SPECIES: Quercus falcata, Q. pagoda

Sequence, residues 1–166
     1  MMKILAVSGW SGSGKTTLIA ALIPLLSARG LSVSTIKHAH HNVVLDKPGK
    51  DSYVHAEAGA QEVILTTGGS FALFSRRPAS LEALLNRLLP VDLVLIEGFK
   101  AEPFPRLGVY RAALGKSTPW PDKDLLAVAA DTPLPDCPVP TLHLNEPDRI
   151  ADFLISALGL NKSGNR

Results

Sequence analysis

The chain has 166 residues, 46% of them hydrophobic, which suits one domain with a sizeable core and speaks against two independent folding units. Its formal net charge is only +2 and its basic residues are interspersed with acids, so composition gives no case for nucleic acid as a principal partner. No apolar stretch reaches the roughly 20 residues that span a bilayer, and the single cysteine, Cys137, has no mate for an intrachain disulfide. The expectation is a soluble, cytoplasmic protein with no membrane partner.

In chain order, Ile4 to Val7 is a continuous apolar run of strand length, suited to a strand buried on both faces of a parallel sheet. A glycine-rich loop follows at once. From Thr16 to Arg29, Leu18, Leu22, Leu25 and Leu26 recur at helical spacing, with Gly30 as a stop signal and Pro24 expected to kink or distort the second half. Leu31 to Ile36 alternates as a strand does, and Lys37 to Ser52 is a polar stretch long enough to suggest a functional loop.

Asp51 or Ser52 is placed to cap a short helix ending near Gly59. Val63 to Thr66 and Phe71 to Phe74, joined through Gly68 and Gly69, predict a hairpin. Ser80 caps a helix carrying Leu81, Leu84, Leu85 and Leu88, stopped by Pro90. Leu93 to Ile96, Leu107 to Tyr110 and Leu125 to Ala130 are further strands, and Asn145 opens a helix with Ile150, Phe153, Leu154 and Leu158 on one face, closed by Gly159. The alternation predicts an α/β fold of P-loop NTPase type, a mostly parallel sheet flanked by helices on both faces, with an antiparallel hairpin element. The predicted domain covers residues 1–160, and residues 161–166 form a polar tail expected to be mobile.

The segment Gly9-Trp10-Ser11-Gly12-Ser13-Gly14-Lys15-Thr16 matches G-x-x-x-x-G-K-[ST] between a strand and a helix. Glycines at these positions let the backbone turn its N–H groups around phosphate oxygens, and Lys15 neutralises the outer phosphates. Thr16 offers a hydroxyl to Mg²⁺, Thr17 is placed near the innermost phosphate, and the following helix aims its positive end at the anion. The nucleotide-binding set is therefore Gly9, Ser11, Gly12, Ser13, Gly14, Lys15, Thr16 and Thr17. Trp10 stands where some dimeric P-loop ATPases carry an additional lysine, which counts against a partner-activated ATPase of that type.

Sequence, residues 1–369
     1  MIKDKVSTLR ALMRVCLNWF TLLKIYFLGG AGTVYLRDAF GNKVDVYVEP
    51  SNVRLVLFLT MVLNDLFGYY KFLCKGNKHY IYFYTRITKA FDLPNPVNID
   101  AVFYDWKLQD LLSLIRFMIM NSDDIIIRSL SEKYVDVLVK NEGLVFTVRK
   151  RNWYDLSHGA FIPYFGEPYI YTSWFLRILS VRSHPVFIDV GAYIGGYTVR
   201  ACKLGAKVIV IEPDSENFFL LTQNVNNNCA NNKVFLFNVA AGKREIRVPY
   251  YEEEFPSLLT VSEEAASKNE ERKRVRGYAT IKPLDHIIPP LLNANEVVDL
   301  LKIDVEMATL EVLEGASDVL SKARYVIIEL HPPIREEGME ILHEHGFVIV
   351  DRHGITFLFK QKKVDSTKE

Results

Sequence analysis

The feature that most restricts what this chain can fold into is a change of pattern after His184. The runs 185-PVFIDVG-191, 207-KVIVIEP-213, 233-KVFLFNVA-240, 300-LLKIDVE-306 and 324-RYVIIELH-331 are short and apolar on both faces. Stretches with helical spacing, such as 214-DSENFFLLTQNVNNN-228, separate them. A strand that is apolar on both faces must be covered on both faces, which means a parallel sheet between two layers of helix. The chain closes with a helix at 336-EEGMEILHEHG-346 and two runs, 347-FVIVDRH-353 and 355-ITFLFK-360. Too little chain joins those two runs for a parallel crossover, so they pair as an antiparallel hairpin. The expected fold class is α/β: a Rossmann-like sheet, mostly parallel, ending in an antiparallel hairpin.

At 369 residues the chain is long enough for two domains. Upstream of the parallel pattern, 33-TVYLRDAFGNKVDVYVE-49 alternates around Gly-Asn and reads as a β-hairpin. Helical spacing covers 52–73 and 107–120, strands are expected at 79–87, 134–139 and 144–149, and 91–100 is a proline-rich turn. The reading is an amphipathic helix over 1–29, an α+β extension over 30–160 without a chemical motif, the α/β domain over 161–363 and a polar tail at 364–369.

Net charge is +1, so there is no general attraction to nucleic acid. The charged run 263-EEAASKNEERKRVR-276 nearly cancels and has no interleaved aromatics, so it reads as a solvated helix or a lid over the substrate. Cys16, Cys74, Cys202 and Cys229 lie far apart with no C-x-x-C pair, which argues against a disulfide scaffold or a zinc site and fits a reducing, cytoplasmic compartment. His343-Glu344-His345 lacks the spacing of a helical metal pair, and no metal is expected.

GENERAL BOTANICAL CHARACTERISTICS : Southern red oak is a medium- to large-sized native deciduous tree with a long, straight trunk and upward-reaching branches that form a high rounded crown. It lives to about 150 years [4]. Cherrybark oak is distinguished from southern red oak by its broadly wedge-shaped instead of rounded leaf bases and by lobes which are rarely falcate and more nearly at right angles to the midrib than southern red oak. Cherrybark oak also tends to have a longer branch-free trunk [11]. It is one of the hardiest and fastest growing red oaks [25]. Cherrybark is the larger of the two species, reaching 100 to 130 feet (30-40 m) in height and 36 to 60 inches (91-152 cm) in d.b.h. Southern red oak is usually 70 to 80 feet (20-25 m) tall and 24 to 36 inches (60-90 cm) in d.b.h., but it can be larger on good sites [4,25]. The taproot of southern red oak dies back and sinker roots from laterals take over the vertical root function [25]. RAUNKIAER LIFE FORM :    Phanerophyte REGENERATION PROCESSES : Sexual:  Southern red and cherrybark oaks are monoecious.  Seed production begins when trees are about 25 years old with maximum production occurring between age 50 and 75.  Good crops occur at 1- to 2-year intervals [4,25]. Dissemination is primarily by squirrels and blue jays which transport and cache acorns.  Abandoned agricultural fields in Mississippi had a high stocking rate of cherrybark oak seedlings because of caching by blue jays.  The blue jays appear to search out cherrybark acorns because of the ease with which the shell is broken and because the acorns are within a desirable size range for transporting [9].  Floodwaters will also transport cherrybark oak acorns.  Gravity is an important dissemination process for southern red oak since it often grows on steep slopes [4,25]. Germination is hypogeal.  Cool, moist stratification is necessary for best germination [4,25].  Cherrybark oak begins germination at the stratification temperature if stratification continues for more than 30 to 45 days.  However, epicotyl emergence does not occur at the stratification temperature.  Both species have a high germinative capacity [42]. Seedlings grow well in full light [4,25,44].  Cherrybark oak seedlings seem unaffected by root competition from overstory trees [22].  Complete inundation of first-year cherrybark seedlings for 3 to 4 days in June resulted in substantial mortality (only 12.8 percent survived compared to 89.7 percent of unflooded seedlings).  In the same study, seedlings survived 3 months of continuous soil saturation during the growing season without statistically significant growth reductions [22]. However, in a study conducted by Hosner and Boyce [18], 15-, 30-, and 60-day periods of complete soil saturation resulted in 11.1, 46.7, and 86.7 percent mortality respectively for cherrybark oak seedlings that averaged 11 inches (27.9 cm) in height.  Mortality occurred because roots died, and no new roots were formed. Cherrybark seedlings do not grow well beneath a cherrybark canopy in part because salicylic acid, a phytotoxin, leaches from its leaves [15,25,49]. Vegetative:  Both species sprout from the root crown if top-killed. Sprouting is most prevalent in young trees 10 inches (25.4 cm) or less in diameter [4].  A sprout from a top-killed seedling grows faster than a true seedling [2,28]. SITE CHARACTERISTICS : Southern red oak occurs on dry, upland sites to about 2,000 feet (610 m) in elevation.  It is often found on south- and west-facing slopes or on dry ridgetops.  It grows on sandy, loamy, or clay soils, most commonly on Ultisols and Alfisols [4].  Southern red oak does well on calcareous soils, and in Florida it often grows in shallow sandy soils overlying limestone deposits [33]. Cherrybark oak occurs along large and small streams of the coastal plains and the Mississippi Valley [25].  It occurs on better drained portions of floodplains, on bottomlands, and on their margins to about 820 feet (250 m) in elevation [11].  Cherrybark oak also grows on well-drained hammocks within wet flats.  It is sometimes found on mesic sites on the rolling hills of the lower Piedmont and on coastal plain uplands.  It grows primarily on Alfisols and Inceptisols [25]. Cherrybark oak is weakly tolerant of flooding [1].  It grows best under a regime of winter and spring flooding; soil saturation in the winter only; and a water table depth of 2 to 6 feet (0.6-1.8 m) during the growing season.  A water table depth of less than 1 foot (<0.3 m) or more than 10 feet (>3 m) is unsuitable during the growing season, as is continous flooding [3].  Sites that meet these conditions are often the highest and best drained locations in active floodplains including loamy sites of first bottoms, well-drained terraces and colluvial sites, and second bottoms. In addition to those species mentioned in Distribution and Occurrence, common overstory associates of southern red oak include scarlet oak (Quercus coccinea), sweetgum, blackgum (Nyssa sylvatica), hickory (Carya spp.), and pitch pine (Pinus rigida) [4]. Common overstory associates of cherrybark oak include shagbark hickory (Carya ovata), shellbark hickory (C. laciniosa), mockernut hickory (C. tomentosa), bitternut hickory (C. cordiformis), and white ash (Fraxinus americana).  Less frequent associates include sweetgum, blackgum, shingle oak, willow oak, water oak, Delta post oak (Q. stellata var. paludosa), Shumard oak (Q. shumardii), water hickory (Carya aquatica), nutmeg hickory (C. myristiciformis), spruce pine (Pinus glabra), American elm (Ulmus americana), winged elm (U. alata), American beech (Fagus grandifolia), southern magnolia (Magnolia grandiflora), and yellow-poplar [25]. SUCCESSIONAL STATUS : Southern red oak is mid-tolerant to intolerant of shade [4].  It is common in transitional pine-hardwood and early hardwood communities.  In the absence of fire, southern red oak replaces pine on drier upland sites [45].  It is occasionally encountered as a codominant in climax or near climax southern mixed hardwood communities [45] and oak-hickory climax forests [20]. While often classified as intolerant of shade [25], cherrybark oak is more tolerant than some associates as a seedling, and it grows only moderately faster in high light than in low light [21].  However, it cannot live under complete shade and is usually present only as a dominant or codominant [25].  Cherrybark oak usually occurs as a single tree rather than in groves.  Presumably, this is because of its allelopathic effect on understory seedlings [49]. The swamp chestnut oak-cherrybark oak forest cover type succeeds the American sycamore-sweetgum-American elm type on first bottom ridges of terraces and may be climax on older alluvium [12]. SEASONAL DEVELOPMENT : Southern red oak flowers in April and May throughout most of its range.  Cherrybark oak flowers from February to May depending on latitude.  Acorns ripen in September and October of the second season after flowering, drop in the fall, and germinate in the spring [4,25].